If you have been looking for an indeterminate progress indicator control for a WinForms application, this may be useful. It is modeled on the relatively new GoogleTM progress indicator (an annulus with a rotating indicator). The control has properties to change its color, size, rotation speed, and type (externally pulsed or animated).
Although DirectX, XNA, and WPF have gained acceptance, the development of this control was limited to Drawing2D. Many users of WinForms may not have the prerequisites for any of the more advanced methods.
Using the Code
The run-time view of this control is controlled by the following properties and methods.
|Name ||Type ||Units ||Default ||Purpose |
|Starts (true) and stops (false) the indicator animation |
|Sets or gets the base color of the annulus |
|Sets or gets the background color of the control |
|Sets or gets the number of degrees that the indicator moves on each tick or pulse |
|Sets or gets the color of the rotating indicator |
|Sets or gets whether the control is ANIMATED or PULSED |
|Sets or gets the radius of the annulus inner circle |
|Sets or gets the radius of the annulus outer circle |
|Sets or gets the timer tick interval (i.e., the time between control refreshes) |
|Sets or gets the transition color at annulus mid-position |
|Causes indicator to advance |
Dimensions and Color Effects
The control dimensions are determined by the OuterRadius (or) value. In the preceding figure, the outer rectangle (red) is the control client rectangle.
The effect of a gradually changing color is called a "blend". In this case, the effect is obtained by using a two-color linear gradient brush along a vertical with a linear blend from the starting color (AnnulusColor) to the ending color (TransitionColor). The blend pattern is specified by two equally sized arrays, named "positions" and "factors". Both arrays contain proportions. The positions array contains values from 0.0F to 1.0F that define proportional distances along the vertical. The factors array contains values from 0.0F to 1.0F that define proportional color from the starting to the ending color along the vertical. In the preceding figure, the values in parentheses are the positions and factors, respectively, for blending of the linear gradient brush.
The InnerRadius (ir) value determines the circle (actually ellipse) that will be excluded from the center of the control. The difference between the outer radius and the inner radius values is the annulus thickness. The annular thickness is also the diameter of the rotating indicator.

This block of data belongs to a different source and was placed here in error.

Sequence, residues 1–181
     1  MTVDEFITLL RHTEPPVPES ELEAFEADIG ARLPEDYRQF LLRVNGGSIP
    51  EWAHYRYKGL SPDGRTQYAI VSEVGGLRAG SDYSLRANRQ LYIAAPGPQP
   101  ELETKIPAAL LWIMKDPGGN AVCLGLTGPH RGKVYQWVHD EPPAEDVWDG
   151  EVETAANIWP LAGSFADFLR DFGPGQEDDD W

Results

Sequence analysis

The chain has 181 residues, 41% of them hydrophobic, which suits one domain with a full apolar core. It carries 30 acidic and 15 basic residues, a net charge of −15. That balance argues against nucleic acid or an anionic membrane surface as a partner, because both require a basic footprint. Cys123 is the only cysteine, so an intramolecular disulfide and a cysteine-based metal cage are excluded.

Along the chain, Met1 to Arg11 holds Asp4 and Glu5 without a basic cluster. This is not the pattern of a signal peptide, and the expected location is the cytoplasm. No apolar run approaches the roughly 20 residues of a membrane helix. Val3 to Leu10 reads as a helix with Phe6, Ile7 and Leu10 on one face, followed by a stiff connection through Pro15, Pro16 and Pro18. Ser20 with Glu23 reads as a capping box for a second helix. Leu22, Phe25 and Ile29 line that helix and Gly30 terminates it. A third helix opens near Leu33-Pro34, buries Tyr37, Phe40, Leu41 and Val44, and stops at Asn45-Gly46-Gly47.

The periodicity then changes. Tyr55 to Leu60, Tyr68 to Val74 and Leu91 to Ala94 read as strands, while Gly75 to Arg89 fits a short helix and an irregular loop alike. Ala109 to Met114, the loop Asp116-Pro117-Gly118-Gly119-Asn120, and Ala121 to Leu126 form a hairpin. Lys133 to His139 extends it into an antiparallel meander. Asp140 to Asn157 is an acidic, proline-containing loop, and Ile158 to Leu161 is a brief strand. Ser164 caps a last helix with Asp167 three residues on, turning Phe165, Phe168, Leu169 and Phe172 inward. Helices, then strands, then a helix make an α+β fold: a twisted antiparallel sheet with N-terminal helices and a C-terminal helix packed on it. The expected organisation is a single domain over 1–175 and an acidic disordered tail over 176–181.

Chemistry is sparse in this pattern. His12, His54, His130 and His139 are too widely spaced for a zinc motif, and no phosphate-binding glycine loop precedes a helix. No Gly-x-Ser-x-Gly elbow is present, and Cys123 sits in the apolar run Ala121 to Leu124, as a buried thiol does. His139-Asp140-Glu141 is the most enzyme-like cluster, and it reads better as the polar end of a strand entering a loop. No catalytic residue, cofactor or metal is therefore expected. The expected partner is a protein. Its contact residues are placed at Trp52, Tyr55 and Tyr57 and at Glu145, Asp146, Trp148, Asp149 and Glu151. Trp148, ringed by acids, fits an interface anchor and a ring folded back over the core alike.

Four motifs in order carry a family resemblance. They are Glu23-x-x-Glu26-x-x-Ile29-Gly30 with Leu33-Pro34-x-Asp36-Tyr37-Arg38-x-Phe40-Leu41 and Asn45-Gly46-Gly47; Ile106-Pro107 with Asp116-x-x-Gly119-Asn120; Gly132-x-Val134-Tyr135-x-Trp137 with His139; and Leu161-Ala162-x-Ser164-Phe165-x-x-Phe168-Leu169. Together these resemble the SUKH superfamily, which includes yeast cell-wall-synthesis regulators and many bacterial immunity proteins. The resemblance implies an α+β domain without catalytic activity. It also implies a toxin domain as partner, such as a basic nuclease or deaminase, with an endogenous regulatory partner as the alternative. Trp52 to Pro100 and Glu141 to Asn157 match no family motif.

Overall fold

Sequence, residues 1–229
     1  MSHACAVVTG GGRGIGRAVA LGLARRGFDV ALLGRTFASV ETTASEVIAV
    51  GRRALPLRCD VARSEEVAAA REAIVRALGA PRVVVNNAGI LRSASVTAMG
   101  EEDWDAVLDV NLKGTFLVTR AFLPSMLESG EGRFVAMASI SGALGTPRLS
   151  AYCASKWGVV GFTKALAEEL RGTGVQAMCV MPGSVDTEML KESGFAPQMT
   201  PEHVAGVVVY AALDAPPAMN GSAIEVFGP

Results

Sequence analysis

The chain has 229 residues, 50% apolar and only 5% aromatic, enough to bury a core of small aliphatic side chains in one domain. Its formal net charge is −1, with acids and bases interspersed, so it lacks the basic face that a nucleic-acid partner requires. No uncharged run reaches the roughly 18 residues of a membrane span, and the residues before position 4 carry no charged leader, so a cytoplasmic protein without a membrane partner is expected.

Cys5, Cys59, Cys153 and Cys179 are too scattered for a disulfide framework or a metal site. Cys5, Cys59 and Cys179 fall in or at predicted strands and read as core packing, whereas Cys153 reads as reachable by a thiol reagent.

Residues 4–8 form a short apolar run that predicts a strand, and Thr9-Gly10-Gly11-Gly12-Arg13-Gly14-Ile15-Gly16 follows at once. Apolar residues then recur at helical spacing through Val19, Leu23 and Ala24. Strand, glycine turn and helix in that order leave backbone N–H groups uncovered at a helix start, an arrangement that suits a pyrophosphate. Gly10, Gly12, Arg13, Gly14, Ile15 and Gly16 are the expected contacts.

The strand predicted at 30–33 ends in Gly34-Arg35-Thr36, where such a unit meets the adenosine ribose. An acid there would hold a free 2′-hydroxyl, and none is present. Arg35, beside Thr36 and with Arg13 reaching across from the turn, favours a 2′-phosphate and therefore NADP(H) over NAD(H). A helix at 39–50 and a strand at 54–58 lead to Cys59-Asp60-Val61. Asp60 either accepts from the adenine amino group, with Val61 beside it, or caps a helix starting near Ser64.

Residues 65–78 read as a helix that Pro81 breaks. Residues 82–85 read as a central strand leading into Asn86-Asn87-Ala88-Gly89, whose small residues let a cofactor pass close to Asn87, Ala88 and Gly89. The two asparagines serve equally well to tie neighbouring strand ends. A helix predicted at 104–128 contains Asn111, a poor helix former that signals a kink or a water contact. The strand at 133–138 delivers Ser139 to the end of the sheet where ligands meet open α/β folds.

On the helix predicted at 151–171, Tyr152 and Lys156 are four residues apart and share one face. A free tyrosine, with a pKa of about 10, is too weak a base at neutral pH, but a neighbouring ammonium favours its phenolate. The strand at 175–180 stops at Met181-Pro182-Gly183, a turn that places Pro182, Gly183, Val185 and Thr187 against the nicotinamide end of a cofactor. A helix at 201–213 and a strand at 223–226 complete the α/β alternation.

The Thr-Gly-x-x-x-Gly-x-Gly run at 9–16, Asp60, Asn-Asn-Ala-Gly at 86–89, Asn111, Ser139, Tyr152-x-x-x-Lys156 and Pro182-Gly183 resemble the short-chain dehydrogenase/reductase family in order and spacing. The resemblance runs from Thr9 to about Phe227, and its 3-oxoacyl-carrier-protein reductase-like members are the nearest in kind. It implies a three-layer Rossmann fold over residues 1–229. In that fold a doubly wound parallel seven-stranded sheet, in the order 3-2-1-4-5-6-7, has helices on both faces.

Building the Control
The control is built in sixteen steps.
Both the control's client rectangle and the outer bounding rectangle are specified by the value of OuterRadius. In step two, the background is colored as BackgroundColor. Then the outer bounding rectangle is used to develop the outer region, first by creating a path from an ellipse and then by creating a region from the path. The inner bounding rectangle is specified by the value of InnerRadius and is used to develop the inner region. Regions are used to define the annulus by excluding the inner region from the outer region (step 8). Color is applied using a Linear Gradient Brush with a starting color of AnnulusColor and an ending color of TransitionColor. Blending is performed as described earlier. The annulus is built in its own graphics buffer and is only revised when a color- or size-changing event occurs.
The indicator is built in its own graphic buffer at every timer tick or whenever the control is pulsed. The indicator is initially drawn at the right center position of the annulus. Then a translation and a rotation transformation occur. Thereafter both graphics (annulus and indicator) are rendered to the screen.
Control Source Code
The source code was developed using the Microsoft Visual C# 2008 Express Edition. In the event that the reader downloads this development environment, the MSDN Help Library for the Visual C# 2008 Express Edition should also be downloaded. The source code in GoogleProgressIndicator.cs contains the source for the
GraphicsBuffer class. The two classes appear in the same compilation unit so that a reference to an external class (i.e.,
GraphicsBuffer) is not required.